WPA2 (Wi-Fi Protected Access 2) has been the successor to WPA since 2004. Among the most important changes compared to WPA is the use of the AES encryption method. WPA2 eliminates the vulnerabilities of WPA that were discovered and is still considered very secure when a strong password is used, despite known attacks.
What is WPA2?
The WPA2 (Wi-Fi Protected Access 2) standard dates back to 2004 and is based on IEEE standard 802.11i. It is the successor to WPA and enables secure encryption and authentication in the WLAN. It should be noted that WPA2 is not completely identical to IEEE 802.11i and only implements parts of the IEEE standard.
Among the most important changes compared to WPA is the use of the greatly improved encryption method AES (Advanced Encryption Standard). Wi-Fi Protected Access 2 eliminates the weaknesses of WPA that were uncovered and, when used with a strong password (length and complexity), is still considered very secure encryption and authentication method today.
How Wi-Fi Protected Access 2 works
While WEP and WPA are based on the RC4 stream cipher scheme, WPA2 uses AES. The TKIP protocol (Temporal Key Integrity Protocol) of WPA is replaced by CCMP (Counter Mode with Cipher Block Chaining Message Authentication Code Protocol). Due to the more complex encryption method, it is often not possible to switch from WEP or WPA to Wi-Fi Protected Access 2 via software, as more powerful hardware is required. Modern WLAN devices contain special chipsets that provide hardware acceleration for encryption.
AES is the successor to DES (Data Encryption Standard). It is a symmetrical encryption method that offers a high level of security. To date, there are no known practically relevant attack methods on AES encryption. AES uses an eight to 63-character password to determine a 128-bit individual key. This is negotiated between the client and the access point. It is calculated using a 48-bit long initialization vector (IV). To prevent the repetition of the key in the transmitted data packets, the client and access point renegotiate the key at regular intervals.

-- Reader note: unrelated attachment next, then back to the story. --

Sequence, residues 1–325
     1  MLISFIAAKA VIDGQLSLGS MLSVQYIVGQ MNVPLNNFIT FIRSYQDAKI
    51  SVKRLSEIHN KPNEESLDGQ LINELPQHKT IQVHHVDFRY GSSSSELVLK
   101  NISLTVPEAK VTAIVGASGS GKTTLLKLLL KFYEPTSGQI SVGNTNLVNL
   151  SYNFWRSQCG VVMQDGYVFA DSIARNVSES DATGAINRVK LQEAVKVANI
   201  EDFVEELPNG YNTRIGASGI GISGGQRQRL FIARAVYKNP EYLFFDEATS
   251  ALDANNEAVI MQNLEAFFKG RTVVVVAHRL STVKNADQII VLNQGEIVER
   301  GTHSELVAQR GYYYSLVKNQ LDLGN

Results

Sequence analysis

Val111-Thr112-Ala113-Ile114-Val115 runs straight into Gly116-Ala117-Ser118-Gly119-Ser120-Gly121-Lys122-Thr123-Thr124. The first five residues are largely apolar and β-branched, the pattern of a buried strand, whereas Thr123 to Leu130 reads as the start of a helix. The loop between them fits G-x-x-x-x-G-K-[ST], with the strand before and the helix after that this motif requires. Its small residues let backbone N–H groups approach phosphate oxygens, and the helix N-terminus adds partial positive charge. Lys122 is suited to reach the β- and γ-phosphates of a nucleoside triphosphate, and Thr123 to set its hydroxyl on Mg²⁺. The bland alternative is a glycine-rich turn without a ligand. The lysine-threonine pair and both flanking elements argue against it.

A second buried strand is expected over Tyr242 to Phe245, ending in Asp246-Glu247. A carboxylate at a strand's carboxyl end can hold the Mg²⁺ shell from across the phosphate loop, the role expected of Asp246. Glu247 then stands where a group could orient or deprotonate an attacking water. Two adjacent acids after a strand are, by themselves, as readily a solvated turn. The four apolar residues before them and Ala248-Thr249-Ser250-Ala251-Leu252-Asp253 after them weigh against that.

As with WPA, WPA2 allows authentication via pre-shared key (PSK) or via a central authentication server such as a Radius server. PSK authentication is called Personal Mode and central authentication Enterprise Mode.
The weak points of Wi-Fi Protected Access 2
For a long time, only password attacks were known for WPA2. For sufficient WLAN security, it is recommended to choose a password that is at least 20 characters long with upper and lower case letters, numbers, and special characters that cannot be found in dictionaries.
In 2017, researchers published an attack method on Wi-Fi Protected Access 2 called Key Reinstallation Attack (KRACK). It exploits weaknesses in connection establishment and key negotiation in the handshake process. Data packets can be decrypted with KRACK and attacks such as TCP hijacking or HTTP injection can be carried out.
In the worst case, the encryption can be completely leveraged. However, primarily client-side Android, Linux, and GNU implementations are affected by the KRACK vulnerability. Apple or Windows devices have parts of the vulnerability. Patches exist for a majority of affected devices that fix the vulnerability.
Another vulnerability in WPA2-secured WLANs arises when using Wi-Fi Protected Setup (WPS). WPS simplifies the configuration of WLAN devices but is vulnerable to attack. WPS should therefore remain deactivated on WLAN routers and access points. In general, a WPA2 WLAN protected with a long, complex password and up-to-date software with CCMP and AES is very secure.
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